In an attempt to placate bodyshops, Audatex offered a one-day assessment credit as compensation for the loss of access to its AudaEnterprise estimating system, caused by a hardware failure in September, and by human error in October.
The credit relates to estimates carried out on Friday November 10, although some bodyshops were critical of the offer. “If they had offered me free estimates for a week, I’d have been more impressed,” says one.
Paul Tucker, Audatex managing director and CEO, has appointed an independent auditor to review the failures and intends to publish the findings.
Meanwhile, under the business continuity programme, Audatex’s Sun hardware has been replaced by Hewlett Packard servers and storage facilities, and the Audatex databases have been moved to the new infrastructure.
By Christmas they will be backed up by a parallel infrastructure, based off-site in Hounslow, London.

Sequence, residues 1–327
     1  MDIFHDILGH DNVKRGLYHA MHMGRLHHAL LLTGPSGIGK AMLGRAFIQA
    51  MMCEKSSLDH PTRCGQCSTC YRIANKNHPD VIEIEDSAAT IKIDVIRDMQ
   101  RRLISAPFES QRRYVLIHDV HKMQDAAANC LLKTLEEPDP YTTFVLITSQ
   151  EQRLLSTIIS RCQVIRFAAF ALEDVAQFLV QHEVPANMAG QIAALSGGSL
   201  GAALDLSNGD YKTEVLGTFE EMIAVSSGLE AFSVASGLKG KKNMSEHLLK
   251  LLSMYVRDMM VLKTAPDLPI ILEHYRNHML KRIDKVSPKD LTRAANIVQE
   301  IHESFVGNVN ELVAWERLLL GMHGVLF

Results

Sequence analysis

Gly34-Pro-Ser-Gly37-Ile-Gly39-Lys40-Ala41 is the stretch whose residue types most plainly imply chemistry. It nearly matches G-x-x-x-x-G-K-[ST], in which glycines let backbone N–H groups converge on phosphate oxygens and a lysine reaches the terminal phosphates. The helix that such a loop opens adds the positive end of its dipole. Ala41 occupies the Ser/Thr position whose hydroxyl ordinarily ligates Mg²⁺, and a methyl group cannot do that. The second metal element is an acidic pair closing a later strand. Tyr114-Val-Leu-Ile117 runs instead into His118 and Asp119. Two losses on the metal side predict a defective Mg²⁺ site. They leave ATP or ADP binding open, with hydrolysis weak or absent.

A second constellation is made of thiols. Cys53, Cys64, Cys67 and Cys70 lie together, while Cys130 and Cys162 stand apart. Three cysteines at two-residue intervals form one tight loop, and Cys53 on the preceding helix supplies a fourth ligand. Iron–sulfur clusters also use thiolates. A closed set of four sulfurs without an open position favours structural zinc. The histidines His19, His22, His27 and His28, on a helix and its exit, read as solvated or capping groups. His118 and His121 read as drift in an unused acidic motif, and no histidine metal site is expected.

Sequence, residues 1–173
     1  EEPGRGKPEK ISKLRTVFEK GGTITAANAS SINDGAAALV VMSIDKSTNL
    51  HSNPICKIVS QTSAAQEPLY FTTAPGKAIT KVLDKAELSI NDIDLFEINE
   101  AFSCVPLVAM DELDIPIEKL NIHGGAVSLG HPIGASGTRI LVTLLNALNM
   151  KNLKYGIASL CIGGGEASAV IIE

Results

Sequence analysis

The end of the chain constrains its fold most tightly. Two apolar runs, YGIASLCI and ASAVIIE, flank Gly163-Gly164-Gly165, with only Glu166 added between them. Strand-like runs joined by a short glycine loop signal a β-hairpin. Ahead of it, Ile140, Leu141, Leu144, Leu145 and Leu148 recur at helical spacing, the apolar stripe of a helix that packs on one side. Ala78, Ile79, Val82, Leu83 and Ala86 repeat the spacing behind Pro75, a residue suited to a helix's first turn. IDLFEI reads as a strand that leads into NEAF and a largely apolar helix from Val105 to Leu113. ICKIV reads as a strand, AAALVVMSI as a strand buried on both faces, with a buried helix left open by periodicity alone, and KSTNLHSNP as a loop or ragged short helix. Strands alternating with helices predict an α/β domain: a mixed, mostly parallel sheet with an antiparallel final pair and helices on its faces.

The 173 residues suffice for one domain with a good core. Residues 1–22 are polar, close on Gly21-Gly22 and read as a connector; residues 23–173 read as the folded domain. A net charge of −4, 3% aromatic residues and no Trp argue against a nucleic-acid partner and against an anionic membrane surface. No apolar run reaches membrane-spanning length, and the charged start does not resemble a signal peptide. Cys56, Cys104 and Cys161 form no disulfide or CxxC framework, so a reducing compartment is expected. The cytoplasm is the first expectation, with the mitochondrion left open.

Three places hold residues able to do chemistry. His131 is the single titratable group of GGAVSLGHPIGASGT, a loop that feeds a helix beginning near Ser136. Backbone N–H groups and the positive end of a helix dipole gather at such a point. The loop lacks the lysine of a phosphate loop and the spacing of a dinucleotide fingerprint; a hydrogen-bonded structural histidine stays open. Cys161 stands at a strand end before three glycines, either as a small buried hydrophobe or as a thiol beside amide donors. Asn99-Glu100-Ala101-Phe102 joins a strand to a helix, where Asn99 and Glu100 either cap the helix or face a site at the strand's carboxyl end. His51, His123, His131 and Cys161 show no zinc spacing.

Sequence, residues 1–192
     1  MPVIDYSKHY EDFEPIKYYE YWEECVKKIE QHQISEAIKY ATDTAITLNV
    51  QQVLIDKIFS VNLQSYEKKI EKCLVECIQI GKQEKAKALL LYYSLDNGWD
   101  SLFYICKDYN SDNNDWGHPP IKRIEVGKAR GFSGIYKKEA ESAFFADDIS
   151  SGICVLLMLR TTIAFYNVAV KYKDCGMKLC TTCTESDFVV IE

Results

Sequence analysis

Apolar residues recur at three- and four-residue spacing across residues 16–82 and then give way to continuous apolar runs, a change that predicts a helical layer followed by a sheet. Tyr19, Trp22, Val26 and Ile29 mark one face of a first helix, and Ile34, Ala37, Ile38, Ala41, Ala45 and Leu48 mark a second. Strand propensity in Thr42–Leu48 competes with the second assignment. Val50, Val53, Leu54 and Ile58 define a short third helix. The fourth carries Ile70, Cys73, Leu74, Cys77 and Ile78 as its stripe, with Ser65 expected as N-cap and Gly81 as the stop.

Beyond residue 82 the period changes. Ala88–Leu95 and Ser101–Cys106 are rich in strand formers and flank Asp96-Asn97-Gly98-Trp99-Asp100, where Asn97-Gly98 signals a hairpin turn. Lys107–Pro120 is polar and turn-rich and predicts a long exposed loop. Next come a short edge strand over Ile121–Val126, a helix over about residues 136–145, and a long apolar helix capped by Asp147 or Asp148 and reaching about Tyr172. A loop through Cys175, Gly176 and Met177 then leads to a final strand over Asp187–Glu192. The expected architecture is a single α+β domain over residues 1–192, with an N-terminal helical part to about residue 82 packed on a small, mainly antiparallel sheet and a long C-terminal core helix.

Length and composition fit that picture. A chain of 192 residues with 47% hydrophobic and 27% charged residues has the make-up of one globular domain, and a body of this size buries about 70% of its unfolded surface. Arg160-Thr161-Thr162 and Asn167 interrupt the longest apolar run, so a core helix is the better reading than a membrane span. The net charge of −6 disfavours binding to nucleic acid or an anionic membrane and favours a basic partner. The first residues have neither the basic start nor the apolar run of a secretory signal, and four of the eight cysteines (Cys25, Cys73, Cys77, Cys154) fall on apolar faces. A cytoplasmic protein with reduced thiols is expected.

This should minimize the impact on repairers needing to process estimates and begin repair jobs should another failure occur, by allowing rapid switchover to the parallel system.
“I cannot promise 100% availability, although our track record has been 99.9% over the last five years,” Tucker says. “Similarly, where there are fluctuations in performance, this is often due to the nuances of how each company connects to us rather than the speed of the system itself. I have made, and will continue to make, every investment possible to support customers.”